By Elysa Gardner, USA TODAY

Rock critics have long harbored a fascination with and affection for artists who die young, particularly those who seemed bent on self-destruction. Had Janis Joplin, Jimi Hendrix and Kurt Cobain lived longer and more sensibly, it’s a safe bet that all would have at some point been accused of growing dull and complacent, of losing their edge.

None had that privilege, and neither did Amy Winehouse, who joined their “27 Club” last July, when she succumbed to alcohol poisoning at the same age. There will no doubt be those who romanticize Winehouse’s years of substance abuse and reckless behavior, maintaining they were of a piece with the grit and sometimes brutal candor of her work.

But the posthumous collection Lioness: Hidden Treasures (** * out of four), out today, offers a stinging rebuttal to that theory. Winehouse’s longtime producers, Salaam Remi and Mark Ronson, have assembled 12 tracks tracing her career from her first session with Remi nearly a decade ago to her final studio effort, a duet with Tony Bennett recorded last March.

The result is a heartrending portrait of a young artist’s rise and decline — and a better advertisement for clean living than any anti-drug propaganda you’ve likely come across.

Lioness includes two selections originally recorded in May 2002, a reggae-flavored reworking of Our Day Will Come and a breezy take on the bossa nova favorite The Girl From Ipanema. Winehouse’s voice, though still raw, already is one of undeniable character and disarming confidence; you’ve likely never heard a more playful Ipanema than this scat-happy rendition.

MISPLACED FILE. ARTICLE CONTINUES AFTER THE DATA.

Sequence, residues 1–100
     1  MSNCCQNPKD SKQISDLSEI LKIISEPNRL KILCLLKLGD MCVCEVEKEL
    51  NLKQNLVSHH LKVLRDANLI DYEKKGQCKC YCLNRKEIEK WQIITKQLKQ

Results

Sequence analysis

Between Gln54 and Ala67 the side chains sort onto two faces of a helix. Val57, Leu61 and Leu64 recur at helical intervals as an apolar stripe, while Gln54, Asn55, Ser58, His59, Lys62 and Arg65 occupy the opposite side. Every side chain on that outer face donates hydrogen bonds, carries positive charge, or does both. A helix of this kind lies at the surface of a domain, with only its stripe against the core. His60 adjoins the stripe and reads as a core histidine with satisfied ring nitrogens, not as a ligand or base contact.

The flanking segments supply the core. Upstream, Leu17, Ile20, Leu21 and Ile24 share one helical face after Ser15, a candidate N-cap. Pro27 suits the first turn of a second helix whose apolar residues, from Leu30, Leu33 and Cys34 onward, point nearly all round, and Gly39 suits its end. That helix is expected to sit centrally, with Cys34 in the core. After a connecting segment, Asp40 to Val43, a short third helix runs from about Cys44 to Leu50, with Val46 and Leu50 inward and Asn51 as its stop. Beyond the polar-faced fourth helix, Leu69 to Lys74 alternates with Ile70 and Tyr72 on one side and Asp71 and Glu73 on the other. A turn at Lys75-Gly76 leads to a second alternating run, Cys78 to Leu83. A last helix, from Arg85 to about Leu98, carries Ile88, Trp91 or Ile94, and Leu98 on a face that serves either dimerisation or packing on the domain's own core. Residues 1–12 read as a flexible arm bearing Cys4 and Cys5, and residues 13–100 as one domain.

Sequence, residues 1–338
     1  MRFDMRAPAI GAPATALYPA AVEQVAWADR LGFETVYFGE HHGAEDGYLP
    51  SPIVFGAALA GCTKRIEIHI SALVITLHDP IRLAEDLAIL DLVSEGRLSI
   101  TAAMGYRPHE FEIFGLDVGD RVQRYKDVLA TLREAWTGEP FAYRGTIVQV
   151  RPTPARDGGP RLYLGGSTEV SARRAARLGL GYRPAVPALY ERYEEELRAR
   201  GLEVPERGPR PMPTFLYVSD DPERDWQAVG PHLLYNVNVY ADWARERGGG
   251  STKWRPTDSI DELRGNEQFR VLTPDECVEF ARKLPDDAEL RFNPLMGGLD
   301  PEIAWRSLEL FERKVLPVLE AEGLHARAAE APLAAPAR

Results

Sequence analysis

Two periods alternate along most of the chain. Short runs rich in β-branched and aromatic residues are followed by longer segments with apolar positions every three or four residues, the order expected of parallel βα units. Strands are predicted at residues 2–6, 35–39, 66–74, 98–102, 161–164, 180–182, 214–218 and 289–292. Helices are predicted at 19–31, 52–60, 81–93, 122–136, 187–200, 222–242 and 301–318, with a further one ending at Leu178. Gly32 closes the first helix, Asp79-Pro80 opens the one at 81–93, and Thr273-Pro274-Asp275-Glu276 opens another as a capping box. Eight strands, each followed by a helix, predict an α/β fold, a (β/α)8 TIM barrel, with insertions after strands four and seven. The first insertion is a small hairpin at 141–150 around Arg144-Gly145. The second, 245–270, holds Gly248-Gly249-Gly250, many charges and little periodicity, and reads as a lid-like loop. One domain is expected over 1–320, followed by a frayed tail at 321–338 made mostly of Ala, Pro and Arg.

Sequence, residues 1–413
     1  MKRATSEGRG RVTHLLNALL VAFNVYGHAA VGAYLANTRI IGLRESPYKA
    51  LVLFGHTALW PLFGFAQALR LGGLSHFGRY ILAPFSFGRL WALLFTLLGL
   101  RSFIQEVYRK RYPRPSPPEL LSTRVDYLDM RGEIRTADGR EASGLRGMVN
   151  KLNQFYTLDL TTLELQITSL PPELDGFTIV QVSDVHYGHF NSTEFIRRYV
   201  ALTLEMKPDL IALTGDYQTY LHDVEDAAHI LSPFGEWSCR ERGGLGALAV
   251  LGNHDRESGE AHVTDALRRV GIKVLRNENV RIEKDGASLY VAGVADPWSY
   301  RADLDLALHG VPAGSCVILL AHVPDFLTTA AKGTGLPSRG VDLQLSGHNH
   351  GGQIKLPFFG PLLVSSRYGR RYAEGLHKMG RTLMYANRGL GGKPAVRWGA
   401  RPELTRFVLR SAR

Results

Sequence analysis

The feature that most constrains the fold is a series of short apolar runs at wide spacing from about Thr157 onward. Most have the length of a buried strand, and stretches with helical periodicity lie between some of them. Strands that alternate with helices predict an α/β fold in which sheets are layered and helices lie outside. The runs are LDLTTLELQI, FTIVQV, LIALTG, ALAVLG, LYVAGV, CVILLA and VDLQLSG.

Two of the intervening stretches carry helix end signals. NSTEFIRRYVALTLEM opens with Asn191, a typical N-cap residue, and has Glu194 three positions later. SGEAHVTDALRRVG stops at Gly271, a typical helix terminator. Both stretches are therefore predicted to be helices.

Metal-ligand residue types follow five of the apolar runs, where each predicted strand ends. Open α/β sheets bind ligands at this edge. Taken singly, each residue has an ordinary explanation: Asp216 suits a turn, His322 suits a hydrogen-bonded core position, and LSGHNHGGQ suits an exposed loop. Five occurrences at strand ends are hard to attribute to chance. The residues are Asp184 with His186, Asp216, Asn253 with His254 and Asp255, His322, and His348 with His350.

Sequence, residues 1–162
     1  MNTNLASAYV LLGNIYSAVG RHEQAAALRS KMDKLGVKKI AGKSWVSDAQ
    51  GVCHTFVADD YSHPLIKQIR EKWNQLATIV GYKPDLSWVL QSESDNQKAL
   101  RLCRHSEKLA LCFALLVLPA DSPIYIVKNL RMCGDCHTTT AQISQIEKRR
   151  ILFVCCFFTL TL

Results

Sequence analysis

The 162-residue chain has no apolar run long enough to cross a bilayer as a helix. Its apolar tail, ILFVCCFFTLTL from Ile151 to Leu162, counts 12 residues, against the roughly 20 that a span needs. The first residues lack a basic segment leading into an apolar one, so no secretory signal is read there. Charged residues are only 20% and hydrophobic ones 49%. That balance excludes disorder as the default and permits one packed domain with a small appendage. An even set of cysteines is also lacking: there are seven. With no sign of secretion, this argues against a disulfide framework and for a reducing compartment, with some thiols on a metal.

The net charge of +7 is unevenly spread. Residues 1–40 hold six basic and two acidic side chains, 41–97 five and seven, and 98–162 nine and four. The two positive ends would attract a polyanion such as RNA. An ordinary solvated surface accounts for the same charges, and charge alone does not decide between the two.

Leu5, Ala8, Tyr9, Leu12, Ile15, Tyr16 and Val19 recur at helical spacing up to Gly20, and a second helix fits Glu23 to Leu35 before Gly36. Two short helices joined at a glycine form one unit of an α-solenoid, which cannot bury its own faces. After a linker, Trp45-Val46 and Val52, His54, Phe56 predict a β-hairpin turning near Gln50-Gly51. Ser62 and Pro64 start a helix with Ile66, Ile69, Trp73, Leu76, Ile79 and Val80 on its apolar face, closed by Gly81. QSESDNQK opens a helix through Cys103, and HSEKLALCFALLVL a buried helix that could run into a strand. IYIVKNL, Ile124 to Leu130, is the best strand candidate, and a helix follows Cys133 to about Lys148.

Another cover, Will You Still Love Me Tomorrow, from 2004, finds Winehouse coming into her own. Pressing her salty alto against producer Ronson’s majestic wall of sound, she dramatically evokes soul sirens and girl groups of yore while flirting with the ornamental phrasing typical of latter-day pop and R&B divas.

On 2005’s Tears Dry and 2006’s Wake Up Alone— alternate versions of songs from Back to Black— the singer is in her prime, riding the retro-soul arrangements with poise and gorgeously understated pathos. The pluckier funk of Valerie, also from 2006, proves her prowess with more upbeat fare.

Lioness features only two songs written by Winehouse after that, both recorded in 2008. Between the Cheats is a doo-wop trifle, served with little spirit, and on the laid-back Like Smoke she’s upstaged by co-writer and guest rapper Nas.

The album concludes with the Bennett duet, Body and Soul, and a version of A Song for You sung in 2009. With Bennett, Winehouse tries to channel Dinah Washington; but her tone, thinner and drier than before, has lost some of its rough richness, and she sounds a little lost amid the plush, elegant production.

On Song, Winehouse’s pain and confusion comes to the fore. Her disoriented delivery of the Leon Russell ballad is hard to bear, but producer Remi lets us hear her fumbling. Whether Remi wanted to show us Winehouse’s deterioration or was too close to recognize it, he has given pop fans a teachable moment, and a very sad one.

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